People are prepared to try almost any change to their diet in order to lose weight, but when it comes to one measure that will definitely help – namely eating smaller portions – many are unwilling to make the sacrifice.
Research conducted by the British Heart Foundation (BHF) in 2013 found that portion sizes have become steadily larger in the UK over the past couple of decades and that people pay little regard to the suggested serving size on food packaging.
The BHF found that, compared with suggested portion sizes outlined by the government in 1993, an individual shepherd’s pie ready meal was twice the size in 2013 while a chicken curry ready meal was 50% bigger, as was the suggested portion size from a family pack of crisps. When the BHF asked people to pour out 30g of cornflakes, the suggested portion size, 88% of people poured out a larger serving.
In 2015, a review of 61 studies published in the Cochrane Database of Systematic Reviews concluded that if Brits cut outsized portions from their diet it would reduce the amount of calories they get from food daily by 12-16%, or up to 279 calories.
While cutting out entire food groups has become a common approach to dieting, evidence indicates that having smaller portions is a smarter bet for long-term weight loss.
“We all like different types of food and drink and telling someone to potentially restrict eating a food or food type they love is fundamentally unsustainable,” says Julian Gaine, creator of MealKitt, a portion control container that shows how much of each type of food you should eat.
“Also, human beings need a balanced diet with a complex array of macro- and micronutrients. Eliminating foods can lead to a deficiency in important nutrients.
“By including all the main food groups in your diet together with the foods you love in the correct portions, you still get all the necessary nutrients and it becomes a much more sustainable way to manage weight.”
You can follow the instructions on packets to get an idea of how large a portion of food should be, but it can be a bit of a faff to translate metric measurements to the plate exactly. If you want to eyeball your portion sizes, aim for a deck of cards size for pieces of lean meat, and a closed fist of carbs (or three heaped tablespoons).
While it can feel slightly uninspiring to dish out your food into various trays, the MealKitt tray will give a more exact guide to how much of each type of food you should eat if you’re trying to lose, gain or maintain weight.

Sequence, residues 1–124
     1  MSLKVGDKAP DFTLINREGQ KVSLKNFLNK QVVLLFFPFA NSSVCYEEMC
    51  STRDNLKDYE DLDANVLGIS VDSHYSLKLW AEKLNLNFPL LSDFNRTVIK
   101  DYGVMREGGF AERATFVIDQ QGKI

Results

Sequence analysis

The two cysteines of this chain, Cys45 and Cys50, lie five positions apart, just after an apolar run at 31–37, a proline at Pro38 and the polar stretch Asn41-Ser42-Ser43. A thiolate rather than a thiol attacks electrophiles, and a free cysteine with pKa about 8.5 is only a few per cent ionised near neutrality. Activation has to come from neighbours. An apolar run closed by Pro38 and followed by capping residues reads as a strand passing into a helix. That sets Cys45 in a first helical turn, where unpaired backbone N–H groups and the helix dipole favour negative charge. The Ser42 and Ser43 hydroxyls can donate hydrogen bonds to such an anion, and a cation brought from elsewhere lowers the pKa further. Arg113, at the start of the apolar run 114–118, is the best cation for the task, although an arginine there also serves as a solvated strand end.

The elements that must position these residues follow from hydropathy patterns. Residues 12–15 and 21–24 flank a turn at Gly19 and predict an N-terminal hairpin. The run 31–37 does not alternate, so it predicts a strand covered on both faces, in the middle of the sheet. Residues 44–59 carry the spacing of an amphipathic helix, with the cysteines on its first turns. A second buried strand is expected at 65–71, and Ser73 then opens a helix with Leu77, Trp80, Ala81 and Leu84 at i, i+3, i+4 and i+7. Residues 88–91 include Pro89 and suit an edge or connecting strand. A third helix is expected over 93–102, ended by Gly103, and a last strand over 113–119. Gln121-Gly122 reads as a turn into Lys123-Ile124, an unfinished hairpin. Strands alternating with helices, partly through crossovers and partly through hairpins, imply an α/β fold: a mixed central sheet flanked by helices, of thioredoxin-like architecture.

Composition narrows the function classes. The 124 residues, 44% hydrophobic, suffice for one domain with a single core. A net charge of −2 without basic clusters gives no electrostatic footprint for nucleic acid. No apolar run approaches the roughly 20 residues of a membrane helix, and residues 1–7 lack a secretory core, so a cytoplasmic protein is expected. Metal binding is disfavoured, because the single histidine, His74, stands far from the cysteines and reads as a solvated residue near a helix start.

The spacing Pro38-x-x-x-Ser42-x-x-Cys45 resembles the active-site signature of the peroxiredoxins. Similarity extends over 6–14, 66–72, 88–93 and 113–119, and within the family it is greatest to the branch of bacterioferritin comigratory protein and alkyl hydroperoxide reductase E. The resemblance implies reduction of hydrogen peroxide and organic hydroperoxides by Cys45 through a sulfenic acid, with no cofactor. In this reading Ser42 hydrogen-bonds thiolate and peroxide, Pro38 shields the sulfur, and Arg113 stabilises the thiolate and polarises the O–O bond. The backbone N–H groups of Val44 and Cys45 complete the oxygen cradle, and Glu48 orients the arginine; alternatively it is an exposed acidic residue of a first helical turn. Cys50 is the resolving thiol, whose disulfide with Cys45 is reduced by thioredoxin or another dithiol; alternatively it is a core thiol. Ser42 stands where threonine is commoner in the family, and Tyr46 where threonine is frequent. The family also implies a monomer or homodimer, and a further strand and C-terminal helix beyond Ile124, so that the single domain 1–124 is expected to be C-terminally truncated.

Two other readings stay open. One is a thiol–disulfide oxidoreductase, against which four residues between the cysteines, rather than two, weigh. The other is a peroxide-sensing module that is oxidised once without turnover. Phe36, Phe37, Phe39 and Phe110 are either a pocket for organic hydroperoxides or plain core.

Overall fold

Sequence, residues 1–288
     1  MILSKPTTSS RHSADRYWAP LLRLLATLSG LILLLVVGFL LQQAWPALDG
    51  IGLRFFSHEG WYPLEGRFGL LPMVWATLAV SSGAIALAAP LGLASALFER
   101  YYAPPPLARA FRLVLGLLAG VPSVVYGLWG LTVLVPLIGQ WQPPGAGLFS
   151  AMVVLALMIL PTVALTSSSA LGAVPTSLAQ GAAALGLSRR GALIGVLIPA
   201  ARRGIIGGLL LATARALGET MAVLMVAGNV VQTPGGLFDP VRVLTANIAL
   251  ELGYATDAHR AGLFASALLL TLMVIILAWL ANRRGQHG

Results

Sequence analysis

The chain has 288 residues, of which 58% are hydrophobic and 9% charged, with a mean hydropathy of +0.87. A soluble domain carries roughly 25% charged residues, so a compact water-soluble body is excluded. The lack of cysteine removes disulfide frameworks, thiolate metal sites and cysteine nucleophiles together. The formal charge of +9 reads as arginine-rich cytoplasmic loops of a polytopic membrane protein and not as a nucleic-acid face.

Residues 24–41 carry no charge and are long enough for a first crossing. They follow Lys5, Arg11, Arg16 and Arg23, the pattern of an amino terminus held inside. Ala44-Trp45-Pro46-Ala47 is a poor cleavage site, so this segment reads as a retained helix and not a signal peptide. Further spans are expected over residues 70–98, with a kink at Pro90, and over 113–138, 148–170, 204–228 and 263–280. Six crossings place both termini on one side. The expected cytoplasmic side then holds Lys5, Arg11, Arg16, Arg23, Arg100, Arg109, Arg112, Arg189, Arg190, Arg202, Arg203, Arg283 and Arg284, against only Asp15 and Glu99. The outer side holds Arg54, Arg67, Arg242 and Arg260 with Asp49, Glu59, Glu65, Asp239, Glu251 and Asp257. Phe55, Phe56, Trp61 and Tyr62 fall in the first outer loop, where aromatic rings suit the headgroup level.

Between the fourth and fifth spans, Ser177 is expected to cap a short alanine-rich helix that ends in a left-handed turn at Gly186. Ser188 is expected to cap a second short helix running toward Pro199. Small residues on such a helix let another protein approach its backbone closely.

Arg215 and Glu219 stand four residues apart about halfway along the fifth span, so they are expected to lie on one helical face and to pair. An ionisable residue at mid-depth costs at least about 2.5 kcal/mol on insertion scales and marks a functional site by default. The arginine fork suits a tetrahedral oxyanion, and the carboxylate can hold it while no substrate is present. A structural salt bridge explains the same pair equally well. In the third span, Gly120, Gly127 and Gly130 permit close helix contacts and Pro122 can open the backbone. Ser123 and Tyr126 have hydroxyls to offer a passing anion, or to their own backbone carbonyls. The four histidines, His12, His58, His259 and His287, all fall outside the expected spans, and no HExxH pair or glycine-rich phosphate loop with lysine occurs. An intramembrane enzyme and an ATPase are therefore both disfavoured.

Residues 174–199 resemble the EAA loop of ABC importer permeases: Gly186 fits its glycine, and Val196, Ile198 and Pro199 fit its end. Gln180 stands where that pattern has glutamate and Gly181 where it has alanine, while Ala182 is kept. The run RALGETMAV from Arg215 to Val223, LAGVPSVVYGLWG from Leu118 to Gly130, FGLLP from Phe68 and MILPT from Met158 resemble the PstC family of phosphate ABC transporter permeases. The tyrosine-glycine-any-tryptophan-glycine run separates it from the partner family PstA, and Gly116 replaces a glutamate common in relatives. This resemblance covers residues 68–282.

If the portion sizes mentioned above sound tiny to you, that’s probably an indication you’ve been gorging on massive servings up until now, so it might take a little time to adjust to the smaller sizes.
“Generally with my clients I have noticed that it [portion control] becomes easier after 14 days and then almost normal after 28 days,” says Gaine.
You can also help your body adjust by eating more of the foods that aren’t restricted by portion sizes. Admittedly you will need to like green veg for this to be of use.
“There are also little tips and tricks to help curb hunger, such as filling up with ‘free’ foods including greens or drinking plenty of water,” says Gaine.
“Also, eating more good-quality fats and fibrous foods will help you feel fuller for longer.”
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4 Tips For Better At Portion Control
1. Know numbers
In a 2017 study, subjects eating the same breakfast as another group ate more calories throughout the day when they believed their breakfast was less substantial. Keep track of what you eat, and you’ll avoid unnecessary calories.
2. Use your hands
“Rather than count calories, use your hands as a guideline to rough portions,” says Precision Nutrition coach Brian St Pierre. “Two fists of veg, two palms of protein, cupped hands of carbs and thumbs of fat will do it.”
3. Check your oil
“You don’t have to weigh every blueberry you eat, but oil is calorific enough to warrant being measured properly,” says nutritionist Jess Wolny. “Just a splash can add 100 calories – keep your measuring spoons handy.”
4. Pack snacks
Partition your food and you’ll force yourself to pay attention when you open a new box, bag or Tupperware. In a US study, volunteers given one big bag of snacks ate 20% more than those given the same amount of food divided into four.